“Immersing myself in the rural New Zealand lifestyle was like sliding into a warm bath – and then finding all your bath toys under the foam.”
As the back garden for Wellington, the appeal of Wairarapa is the many discoveries and possibilities that can be made here, which are subtle and not in your face. It is what makes the region so down to earth and welcoming to many types of people.
That is how I experienced coming to Martinborough in 2003, after finishing my University studies in Christchurch, where I found my first job in the local wine industry. A friend of mine was working for Margrain Vineyard at the time and always praised this area – so he really made the decision for me. Upon coming here, it was never my intention to stay and adopt the New Zealand life, as there were other places to go and discover. I had left Holland on many occasions for studies and travels – but the intimacy and connectedness in Wairarapa was something I had not experienced anywhere else. I discovered it was the people that made the difference, and were the real diamonds. And with the many possibilities in the wine industry available at the time, I felt like I could make a contribution, and decided to try to stay longer.
Establishing myself in a new country proved challenging at times, but those challenges were perhaps discoveries in myself too. Without a safe place or home to easily fall back on, it was work ethic and attitude that were going to set me apart from others to give me a real chance. What certainly made the difference and helped me put down new roots was meeting my partner Rachel. Together, we had some adventures within New Zealand and Italy, mainly to further my career and understanding of winegrowing. Eventually, it was Shayne and Poppie, who previously formed the team at Dry River and who are now at Poppies in Martinborough, who convinced Neil McCallum – Dry River’s founder and former winemaker – to welcome me on board.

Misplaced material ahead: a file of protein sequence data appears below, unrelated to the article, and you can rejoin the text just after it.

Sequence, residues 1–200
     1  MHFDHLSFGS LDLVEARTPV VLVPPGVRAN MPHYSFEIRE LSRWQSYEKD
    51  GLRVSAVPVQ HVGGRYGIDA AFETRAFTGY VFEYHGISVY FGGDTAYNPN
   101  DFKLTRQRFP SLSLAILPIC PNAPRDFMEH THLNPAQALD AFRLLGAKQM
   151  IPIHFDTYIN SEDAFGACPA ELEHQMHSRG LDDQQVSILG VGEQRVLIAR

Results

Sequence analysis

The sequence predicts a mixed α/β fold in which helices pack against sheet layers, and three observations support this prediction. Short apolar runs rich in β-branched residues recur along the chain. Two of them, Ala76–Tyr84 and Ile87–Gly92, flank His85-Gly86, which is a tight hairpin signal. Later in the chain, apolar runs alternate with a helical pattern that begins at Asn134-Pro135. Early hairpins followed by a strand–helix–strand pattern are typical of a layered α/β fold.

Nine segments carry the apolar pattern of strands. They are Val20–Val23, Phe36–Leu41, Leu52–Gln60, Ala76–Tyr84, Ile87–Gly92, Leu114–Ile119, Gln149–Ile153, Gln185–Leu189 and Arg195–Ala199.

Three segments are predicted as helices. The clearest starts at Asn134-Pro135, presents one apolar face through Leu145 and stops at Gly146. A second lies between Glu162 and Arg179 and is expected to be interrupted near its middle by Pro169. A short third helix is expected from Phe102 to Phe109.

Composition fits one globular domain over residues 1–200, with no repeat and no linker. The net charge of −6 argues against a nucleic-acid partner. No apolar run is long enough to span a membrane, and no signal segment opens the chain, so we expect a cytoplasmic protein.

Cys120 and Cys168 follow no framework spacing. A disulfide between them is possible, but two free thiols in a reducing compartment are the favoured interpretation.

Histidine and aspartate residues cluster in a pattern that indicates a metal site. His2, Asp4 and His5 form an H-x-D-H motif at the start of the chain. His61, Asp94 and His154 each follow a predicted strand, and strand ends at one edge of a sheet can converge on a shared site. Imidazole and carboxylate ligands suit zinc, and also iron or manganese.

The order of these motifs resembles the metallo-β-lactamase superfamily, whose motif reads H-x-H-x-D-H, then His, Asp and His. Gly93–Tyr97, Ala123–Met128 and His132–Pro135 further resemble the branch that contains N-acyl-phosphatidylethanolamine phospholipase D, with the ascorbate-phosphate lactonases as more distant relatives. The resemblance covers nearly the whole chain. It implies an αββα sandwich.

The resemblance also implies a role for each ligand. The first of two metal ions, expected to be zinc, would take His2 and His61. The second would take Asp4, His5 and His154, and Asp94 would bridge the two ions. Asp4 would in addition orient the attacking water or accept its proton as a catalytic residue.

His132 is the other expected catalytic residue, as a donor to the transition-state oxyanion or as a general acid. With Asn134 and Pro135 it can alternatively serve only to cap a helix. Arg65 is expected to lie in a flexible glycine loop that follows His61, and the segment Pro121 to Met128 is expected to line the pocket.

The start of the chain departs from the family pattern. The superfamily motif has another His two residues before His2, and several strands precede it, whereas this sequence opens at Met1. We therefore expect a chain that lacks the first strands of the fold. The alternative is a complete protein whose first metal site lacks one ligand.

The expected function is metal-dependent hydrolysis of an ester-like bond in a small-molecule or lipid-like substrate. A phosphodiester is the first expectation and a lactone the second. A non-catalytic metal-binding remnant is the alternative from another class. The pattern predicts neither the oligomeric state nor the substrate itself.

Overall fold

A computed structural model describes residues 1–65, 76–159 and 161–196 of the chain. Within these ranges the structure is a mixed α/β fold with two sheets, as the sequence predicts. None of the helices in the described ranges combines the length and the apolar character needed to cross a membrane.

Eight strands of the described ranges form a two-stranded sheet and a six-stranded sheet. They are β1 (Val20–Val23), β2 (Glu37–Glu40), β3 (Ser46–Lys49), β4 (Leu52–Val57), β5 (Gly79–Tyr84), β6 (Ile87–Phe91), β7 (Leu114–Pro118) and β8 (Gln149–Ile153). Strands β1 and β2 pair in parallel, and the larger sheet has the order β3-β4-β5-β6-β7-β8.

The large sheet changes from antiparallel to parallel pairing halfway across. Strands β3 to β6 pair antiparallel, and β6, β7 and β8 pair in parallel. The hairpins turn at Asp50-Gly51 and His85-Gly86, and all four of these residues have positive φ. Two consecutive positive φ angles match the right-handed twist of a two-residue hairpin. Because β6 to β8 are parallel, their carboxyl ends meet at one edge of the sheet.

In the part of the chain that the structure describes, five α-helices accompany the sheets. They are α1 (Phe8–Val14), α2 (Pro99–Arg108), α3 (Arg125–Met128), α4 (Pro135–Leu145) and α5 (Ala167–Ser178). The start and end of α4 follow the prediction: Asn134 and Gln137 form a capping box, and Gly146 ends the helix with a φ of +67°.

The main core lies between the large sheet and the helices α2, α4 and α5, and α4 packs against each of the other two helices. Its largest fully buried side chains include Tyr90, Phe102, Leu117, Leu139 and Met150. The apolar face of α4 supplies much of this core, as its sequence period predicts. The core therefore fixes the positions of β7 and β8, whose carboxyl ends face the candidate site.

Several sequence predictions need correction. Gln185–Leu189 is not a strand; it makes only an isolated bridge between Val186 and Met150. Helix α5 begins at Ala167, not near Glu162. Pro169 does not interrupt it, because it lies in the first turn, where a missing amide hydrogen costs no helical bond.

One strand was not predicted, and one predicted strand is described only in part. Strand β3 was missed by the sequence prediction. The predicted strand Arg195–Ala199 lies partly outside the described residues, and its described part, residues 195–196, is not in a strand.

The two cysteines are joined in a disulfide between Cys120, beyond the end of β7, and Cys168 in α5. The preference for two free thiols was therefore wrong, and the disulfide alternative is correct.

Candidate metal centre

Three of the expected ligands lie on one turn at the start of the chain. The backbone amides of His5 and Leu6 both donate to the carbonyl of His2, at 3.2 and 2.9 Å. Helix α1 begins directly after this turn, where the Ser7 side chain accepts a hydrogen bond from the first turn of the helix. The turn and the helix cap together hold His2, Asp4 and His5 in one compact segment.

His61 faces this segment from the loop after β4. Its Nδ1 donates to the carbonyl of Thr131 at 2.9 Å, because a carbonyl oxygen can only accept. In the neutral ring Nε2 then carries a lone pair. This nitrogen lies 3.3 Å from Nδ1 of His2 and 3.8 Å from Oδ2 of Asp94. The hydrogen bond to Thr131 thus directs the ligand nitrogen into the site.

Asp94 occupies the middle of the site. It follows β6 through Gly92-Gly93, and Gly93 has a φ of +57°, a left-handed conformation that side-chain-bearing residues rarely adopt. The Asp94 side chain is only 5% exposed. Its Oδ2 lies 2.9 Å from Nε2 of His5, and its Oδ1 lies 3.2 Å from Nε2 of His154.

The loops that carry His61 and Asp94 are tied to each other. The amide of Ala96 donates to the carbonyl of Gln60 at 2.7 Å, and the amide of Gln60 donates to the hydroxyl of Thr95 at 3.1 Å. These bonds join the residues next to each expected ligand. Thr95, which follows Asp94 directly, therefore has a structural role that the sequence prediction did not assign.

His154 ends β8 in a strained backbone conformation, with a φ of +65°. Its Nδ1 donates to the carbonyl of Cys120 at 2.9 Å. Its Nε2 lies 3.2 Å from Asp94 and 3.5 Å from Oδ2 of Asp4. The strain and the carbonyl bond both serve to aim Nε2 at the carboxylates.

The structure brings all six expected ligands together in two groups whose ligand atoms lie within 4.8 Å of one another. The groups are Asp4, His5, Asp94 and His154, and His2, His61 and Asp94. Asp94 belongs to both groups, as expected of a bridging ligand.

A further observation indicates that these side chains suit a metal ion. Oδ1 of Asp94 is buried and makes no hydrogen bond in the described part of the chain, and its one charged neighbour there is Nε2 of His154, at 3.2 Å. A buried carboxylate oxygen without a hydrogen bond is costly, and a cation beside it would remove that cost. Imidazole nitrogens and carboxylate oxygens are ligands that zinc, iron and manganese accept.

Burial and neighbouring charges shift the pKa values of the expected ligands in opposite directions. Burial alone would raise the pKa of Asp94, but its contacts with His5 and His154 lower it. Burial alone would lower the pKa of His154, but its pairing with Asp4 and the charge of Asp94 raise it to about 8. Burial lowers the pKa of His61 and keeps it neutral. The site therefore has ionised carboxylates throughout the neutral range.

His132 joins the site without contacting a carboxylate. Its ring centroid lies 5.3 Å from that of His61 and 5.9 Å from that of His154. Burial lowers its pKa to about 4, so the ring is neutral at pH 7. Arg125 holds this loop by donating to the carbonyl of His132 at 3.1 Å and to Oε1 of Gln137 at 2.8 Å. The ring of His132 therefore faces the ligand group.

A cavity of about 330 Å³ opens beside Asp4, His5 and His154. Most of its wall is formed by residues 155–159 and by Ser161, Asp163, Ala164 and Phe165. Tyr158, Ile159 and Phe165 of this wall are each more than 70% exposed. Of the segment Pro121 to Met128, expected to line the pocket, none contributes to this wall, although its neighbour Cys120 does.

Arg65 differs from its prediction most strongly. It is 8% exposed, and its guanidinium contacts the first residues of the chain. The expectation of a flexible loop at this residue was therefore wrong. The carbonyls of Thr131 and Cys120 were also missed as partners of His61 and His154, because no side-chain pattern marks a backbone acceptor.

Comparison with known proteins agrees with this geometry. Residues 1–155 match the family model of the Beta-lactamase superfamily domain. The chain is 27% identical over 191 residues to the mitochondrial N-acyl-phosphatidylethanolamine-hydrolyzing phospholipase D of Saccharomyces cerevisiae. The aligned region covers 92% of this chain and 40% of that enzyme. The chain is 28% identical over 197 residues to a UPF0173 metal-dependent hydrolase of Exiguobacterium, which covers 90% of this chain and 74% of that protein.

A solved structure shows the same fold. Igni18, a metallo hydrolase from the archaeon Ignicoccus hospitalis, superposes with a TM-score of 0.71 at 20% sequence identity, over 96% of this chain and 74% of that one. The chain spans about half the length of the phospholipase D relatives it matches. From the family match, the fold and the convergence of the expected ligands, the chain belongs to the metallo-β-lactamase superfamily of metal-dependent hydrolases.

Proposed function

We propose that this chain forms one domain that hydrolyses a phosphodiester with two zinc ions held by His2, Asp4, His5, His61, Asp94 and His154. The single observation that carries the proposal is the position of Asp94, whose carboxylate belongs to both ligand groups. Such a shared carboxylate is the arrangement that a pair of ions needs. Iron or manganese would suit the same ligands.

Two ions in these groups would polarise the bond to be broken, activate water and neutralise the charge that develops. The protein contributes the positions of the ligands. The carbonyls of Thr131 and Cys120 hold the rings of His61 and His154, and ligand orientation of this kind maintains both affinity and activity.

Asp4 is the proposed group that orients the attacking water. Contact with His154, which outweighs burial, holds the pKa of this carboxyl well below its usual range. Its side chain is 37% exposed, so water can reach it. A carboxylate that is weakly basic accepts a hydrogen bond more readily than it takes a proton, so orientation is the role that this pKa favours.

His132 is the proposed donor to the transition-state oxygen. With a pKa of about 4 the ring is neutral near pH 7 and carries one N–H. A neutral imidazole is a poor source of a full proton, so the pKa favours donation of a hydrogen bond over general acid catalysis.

When I finished my degree and was ready to gain experience, I curiously asked a fellow winemaker from university what it takes to grow and make wine. “Just live for it and give it everything,” was his great response.
And I remember Clive Paton from Ata Rangi once saying that working in this segment of the industry is all about having a certain mindset. For me that is having a clear vision, to make no compromise on what you believe in, and to battle it out. I think the most interesting part is that beliefs are changeable, they are influenced by anything you are open to. And the ability to implement that and see the response is why I love growing wine.
Here in Martinborough I consider wine a part of our life, a lifestyle to immerse yourself in, and that is easy to get lost in. However, climbing the Tararua ranges and looking back over the valley, gathering food in the ocean or bush, playing rugby or some social soccer, it is obvious wine is only a cog in the wheel that is Wairarapa’s culture.